• Lu Junling 陸峻嶺. Yuan ren wenji pianmu fenlei suoyin 元人文集篇目分類索引. Beijing: Zhonghua shuju, 1979.

  • Zhou Qingshu 周清澍. Yuan ren wenji banben mulu 元人文集版本目录. Nanjing: Nanjing daxue, 1983.

  • Huang Rensheng 黄仁生. Riben xiancang xijian Yuan Ming wenji kaozheng yu tiyao 日本现藏稀见元明文集考证与提要. Changsha: Yuelu shushe, 2004.


  • Wolfgang Franke. An Introduction to the Sources of Ming History. Kuala Lumpur: University of Malaya Press, 1968.
    (Provides abstracts to select individual collections that contain significant numbers of memorials.)

  • Yamane Yukio 山根幸夫. Zōtei Nihon genson Minjin bunshū mokuroku 増訂日本現存明人文集目錄. Tokyo: Tōkyo joshi daigaku Tōyōshi Kenkyūshitsu and Kyūko shoin, 1978.

  • Cui Jianying 崔建英. Ming bieji banben zhi 明別集版本志. Beijing: Zhonghua shuju, 2006.

  • Hanxue yanjiu zhongxin 漢學研究中心. Ming ren wenji lianhe mulu ji pianmu suoyin 明人文集聯合目錄及篇目索引. http://ccs.ncl.edu.tw/topic_02.html
    (List of extant editions in Taiwan and full-text search of table of contents.)


  • Zhang Shunhui 張舜徽. Qing ren wenji bielu 清人文集別錄. 2 vols. Beijing: Zhonghua shuju, 1969.

  • Nishimura Genshō 西村元照. Nihon genson Shinjin bunshū mokuroku 日本現存清人文集目錄. Kyoto: Tōyōshi kenkyūkai, 1972.

  • Ke Yuchun 柯愈春. Qing ren shiwenji zongmu tiyao 清人詩文集總目提要. Beijing: Beijing guji chubanshe, 2002.

  • Wang Zhongmin 王重民 and Yang Dianxun 楊殿珣. Qing dai wenji pianmu fenlei suoyin 清代文集篇目分類索引. Beijing: Beijing tushuguan, 2003.


  • Wang Minxin 王民信. Zhongguo lidai shiwen bieji lianhe shumu 中國歷代詩文别集聯合書目. 14 vols. Taipei: Lianhe bao wenhua jijinhui guoxue wenxianguan, 1981.
    (Bibliography of extent editions in major Taiwan libraries.)

  • Luan Guiming 欒貴明. Siku jiben bieji shiyi 四庫輯本别集拾遺. 2 vols. Beijing: Zhonghua shuju, 1983.
(Corrects omissions in titles that were originally reconstructed from Yongle dadian 永樂大典.)

  • Zhonghua wenhua fuxing yundong tuixing weiyuanhui 中華文化復興運動推行委員會. Siku quanshu wenji pianmu fenlei suoyin 四庫全書文集篇目分類索引. Taipei: Shangwu shuju, 1989.

  • Chŏn In-ch’o 全寅初. Hanguo suo cang Zhongguo hanji zongmu 韓國所藏中國漢籍總目. 6 vols. Seoul: Xuegu fang, 2005.
    (Look for Vol. 5, Literatures section – jibu 集部.)

Downloading Siku quanshu Text Files

I’m sure most of us who have worked with the Siku quanshu 四庫全書 database have dreamed of extracting texts of whole books without having to copy them page-by-page. It turns out that some books are indeed available as text files in here. The list is not complete, but it includes quit a few books from the History (史), Philosophy (子), and Literature (集) sections. Some books from the Classics (經) section are also available, but not that many.

If you are lucky enough to find the title of your interest, you might need to convert the encoding of the downloaded file before you can see the text properly. A tool that I have found handy is Encoding Master. Use it to open the file, and convert from DOS Chinese Simplified (GBK) to UTF-8. Now you have a clean text file of your favorite book!

Some points of caution:

  • The text is in simplified Chinese.
  • This comes from an online forum, so it can disappear anytime (although apparently it has been there for over a year now).
  • Not all files are from Siku quanshu. (Read the disclaimer in Paragraph #6 at the top of the page.) In any case, the files come from totally unknown sources, so they are as reliable as Wikipedia.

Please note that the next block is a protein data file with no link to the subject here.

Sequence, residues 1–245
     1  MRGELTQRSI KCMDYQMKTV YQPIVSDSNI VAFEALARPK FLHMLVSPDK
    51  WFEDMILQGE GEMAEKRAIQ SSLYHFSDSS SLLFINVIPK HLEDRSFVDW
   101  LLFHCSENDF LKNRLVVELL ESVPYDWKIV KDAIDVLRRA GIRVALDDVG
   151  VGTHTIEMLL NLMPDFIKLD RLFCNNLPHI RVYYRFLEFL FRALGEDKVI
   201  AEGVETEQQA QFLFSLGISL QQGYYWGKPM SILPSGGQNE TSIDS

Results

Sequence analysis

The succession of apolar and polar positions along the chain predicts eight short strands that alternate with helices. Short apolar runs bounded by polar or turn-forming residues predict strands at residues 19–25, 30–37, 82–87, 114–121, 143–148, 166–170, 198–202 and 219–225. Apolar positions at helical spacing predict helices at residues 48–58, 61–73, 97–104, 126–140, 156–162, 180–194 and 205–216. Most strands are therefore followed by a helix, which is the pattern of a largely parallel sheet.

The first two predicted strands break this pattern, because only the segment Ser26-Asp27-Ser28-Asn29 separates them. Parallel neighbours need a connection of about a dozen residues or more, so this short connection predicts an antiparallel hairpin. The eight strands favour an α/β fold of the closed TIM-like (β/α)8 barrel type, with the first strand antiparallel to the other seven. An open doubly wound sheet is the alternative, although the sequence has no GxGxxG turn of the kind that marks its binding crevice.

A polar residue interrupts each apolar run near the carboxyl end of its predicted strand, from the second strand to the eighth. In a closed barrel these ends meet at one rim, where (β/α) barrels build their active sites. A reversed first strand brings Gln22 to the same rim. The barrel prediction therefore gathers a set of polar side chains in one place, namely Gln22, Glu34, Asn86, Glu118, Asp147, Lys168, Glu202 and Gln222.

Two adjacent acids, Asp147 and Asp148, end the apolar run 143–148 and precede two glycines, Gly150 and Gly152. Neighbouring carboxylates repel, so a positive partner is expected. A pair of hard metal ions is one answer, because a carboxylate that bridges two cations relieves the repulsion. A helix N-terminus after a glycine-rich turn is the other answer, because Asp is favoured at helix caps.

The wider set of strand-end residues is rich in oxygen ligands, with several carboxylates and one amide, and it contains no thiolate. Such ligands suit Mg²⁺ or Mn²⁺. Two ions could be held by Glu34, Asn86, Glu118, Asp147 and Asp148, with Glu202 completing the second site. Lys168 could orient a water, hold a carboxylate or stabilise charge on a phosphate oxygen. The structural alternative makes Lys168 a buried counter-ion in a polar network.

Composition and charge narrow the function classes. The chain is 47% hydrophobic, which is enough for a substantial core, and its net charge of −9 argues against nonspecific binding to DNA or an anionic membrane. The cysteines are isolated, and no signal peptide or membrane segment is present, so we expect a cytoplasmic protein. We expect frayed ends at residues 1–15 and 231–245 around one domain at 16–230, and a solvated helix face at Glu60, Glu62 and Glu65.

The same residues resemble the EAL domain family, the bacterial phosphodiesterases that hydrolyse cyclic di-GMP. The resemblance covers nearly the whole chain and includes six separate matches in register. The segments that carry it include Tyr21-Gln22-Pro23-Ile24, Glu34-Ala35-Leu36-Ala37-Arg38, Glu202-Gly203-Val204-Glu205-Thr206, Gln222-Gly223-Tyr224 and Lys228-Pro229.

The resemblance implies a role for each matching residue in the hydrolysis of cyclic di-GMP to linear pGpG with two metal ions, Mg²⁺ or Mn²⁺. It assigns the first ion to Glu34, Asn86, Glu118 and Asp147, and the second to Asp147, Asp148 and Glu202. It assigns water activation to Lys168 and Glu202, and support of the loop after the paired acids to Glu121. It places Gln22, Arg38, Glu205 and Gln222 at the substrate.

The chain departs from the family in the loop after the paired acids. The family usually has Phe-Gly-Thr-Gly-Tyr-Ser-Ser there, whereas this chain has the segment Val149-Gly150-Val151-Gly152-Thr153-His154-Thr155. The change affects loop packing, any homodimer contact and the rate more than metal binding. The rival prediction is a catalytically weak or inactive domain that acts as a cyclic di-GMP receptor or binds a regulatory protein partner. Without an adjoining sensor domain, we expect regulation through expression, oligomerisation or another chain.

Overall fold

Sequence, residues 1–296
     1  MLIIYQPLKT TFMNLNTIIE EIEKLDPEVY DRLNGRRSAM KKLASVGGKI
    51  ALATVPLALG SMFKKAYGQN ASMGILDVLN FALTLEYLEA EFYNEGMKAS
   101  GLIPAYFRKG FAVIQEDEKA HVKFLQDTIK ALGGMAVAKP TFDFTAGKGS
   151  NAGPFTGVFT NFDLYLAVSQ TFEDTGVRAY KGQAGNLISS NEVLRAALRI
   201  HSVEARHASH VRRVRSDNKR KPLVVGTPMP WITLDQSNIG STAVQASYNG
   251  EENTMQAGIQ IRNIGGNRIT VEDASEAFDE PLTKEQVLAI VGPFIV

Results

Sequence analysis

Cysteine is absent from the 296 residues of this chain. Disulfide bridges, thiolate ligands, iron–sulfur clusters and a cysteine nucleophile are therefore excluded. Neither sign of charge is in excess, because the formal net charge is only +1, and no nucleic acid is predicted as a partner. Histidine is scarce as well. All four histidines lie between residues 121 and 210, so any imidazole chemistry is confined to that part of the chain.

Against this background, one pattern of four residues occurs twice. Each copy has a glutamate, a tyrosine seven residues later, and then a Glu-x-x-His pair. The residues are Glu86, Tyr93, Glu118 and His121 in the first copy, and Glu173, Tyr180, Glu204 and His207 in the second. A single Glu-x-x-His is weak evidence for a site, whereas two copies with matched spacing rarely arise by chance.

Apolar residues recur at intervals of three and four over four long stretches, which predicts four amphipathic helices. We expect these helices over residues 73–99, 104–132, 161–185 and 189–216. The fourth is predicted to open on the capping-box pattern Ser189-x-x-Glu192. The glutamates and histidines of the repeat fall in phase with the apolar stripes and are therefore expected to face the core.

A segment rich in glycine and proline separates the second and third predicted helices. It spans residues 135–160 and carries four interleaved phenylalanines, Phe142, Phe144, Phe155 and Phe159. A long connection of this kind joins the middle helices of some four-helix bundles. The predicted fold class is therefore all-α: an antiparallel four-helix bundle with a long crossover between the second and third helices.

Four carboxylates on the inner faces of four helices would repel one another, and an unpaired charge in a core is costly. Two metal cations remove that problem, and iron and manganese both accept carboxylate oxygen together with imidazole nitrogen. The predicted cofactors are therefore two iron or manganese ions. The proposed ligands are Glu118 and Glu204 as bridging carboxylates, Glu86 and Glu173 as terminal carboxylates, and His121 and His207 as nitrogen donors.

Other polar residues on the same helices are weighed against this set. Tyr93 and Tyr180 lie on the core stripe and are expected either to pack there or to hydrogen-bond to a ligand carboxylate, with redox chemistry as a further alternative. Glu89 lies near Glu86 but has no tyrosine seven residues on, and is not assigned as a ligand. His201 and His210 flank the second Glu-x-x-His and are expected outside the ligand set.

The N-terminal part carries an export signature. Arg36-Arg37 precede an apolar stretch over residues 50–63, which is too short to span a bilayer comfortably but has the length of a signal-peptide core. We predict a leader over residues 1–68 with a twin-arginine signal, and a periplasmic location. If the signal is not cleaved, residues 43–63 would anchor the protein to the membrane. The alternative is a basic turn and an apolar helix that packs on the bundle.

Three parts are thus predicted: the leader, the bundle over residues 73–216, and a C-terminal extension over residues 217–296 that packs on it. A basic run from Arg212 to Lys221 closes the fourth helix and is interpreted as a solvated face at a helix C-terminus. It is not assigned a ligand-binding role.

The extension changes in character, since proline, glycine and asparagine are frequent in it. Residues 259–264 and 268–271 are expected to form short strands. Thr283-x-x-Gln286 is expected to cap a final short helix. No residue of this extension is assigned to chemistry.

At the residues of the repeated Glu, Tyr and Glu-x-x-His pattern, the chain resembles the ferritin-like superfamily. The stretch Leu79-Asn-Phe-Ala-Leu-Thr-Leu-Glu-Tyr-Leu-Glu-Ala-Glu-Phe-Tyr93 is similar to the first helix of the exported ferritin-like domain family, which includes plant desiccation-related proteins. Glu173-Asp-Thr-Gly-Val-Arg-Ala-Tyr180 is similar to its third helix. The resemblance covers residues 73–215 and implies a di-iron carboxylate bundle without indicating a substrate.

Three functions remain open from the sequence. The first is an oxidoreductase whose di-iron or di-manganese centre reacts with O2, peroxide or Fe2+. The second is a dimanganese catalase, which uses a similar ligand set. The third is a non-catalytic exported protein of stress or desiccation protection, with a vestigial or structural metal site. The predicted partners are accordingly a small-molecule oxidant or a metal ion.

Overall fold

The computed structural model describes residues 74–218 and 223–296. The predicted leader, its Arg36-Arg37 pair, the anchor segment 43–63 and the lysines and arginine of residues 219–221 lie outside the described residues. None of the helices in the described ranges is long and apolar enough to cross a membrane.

• Depending on your understanding of the copyright of digitalized old texts, you might feel guilty using these files.

This is the most comprehensive list of clean Siku quanshu texts that I have seen so far. If anyone knows of a better source, I’d appreciate the information very much.

Reading Note: An Introduction to Research in Chinese History (Tonami et al.)

Tonami Mamoru 砺波護, Kishimoto Mio 岸本美緒, and Sugiyama Masaaki 杉山正明 (eds.) Chūgoku rekishi kenkyū nyūmon 中国歴史研究入門. Nagoya: Nagoya daigaku shuppankai, 2006. (View on Webcat Plus)

If you ever need to get a quick overview of Japanese scholarship on a particular period of Chinese history, this is the book to go to. It divides the entirety of Chinese history into eleven chronological chapters of thirty pages or less (plus one thematic chapter on China in the world and two appendixes on reference works). Each chapter gives a concise overview of past scholarship, major sources, and relevant reference works. Each chapter is written by several specialists of the period, with a total of twenty-nine contributors for the whole book. The structure and emphasis differ quite a bit depending on the chapter, but overall it is very easy to find a particular subsection of interest, making the book a great reference work.

Based on my quick survey of the Ming and Qing chapters, the sections on sources and reference works may not be the most useful for non-Japanese scholars, since there are other Chinese and English guides that are more detailed and comprehensive. The reviews of past scholarship, on the other hand, are great – unless someone has written a review article on a particular period, these are probably the most concise summaries of Japanese scholarship that we will ever be able to find. The book also incorporates major Chinese and English language scholarship, which is a plus.

In all, this book should provide a convenient supplement to the more detailed but somewhat dated guide by Yamane Yukio 山根幸夫, Chugokushi kenkyu nyumon 中国史研究入門 (1983; Chinese translation available through 社会科学文献出版社, 2000).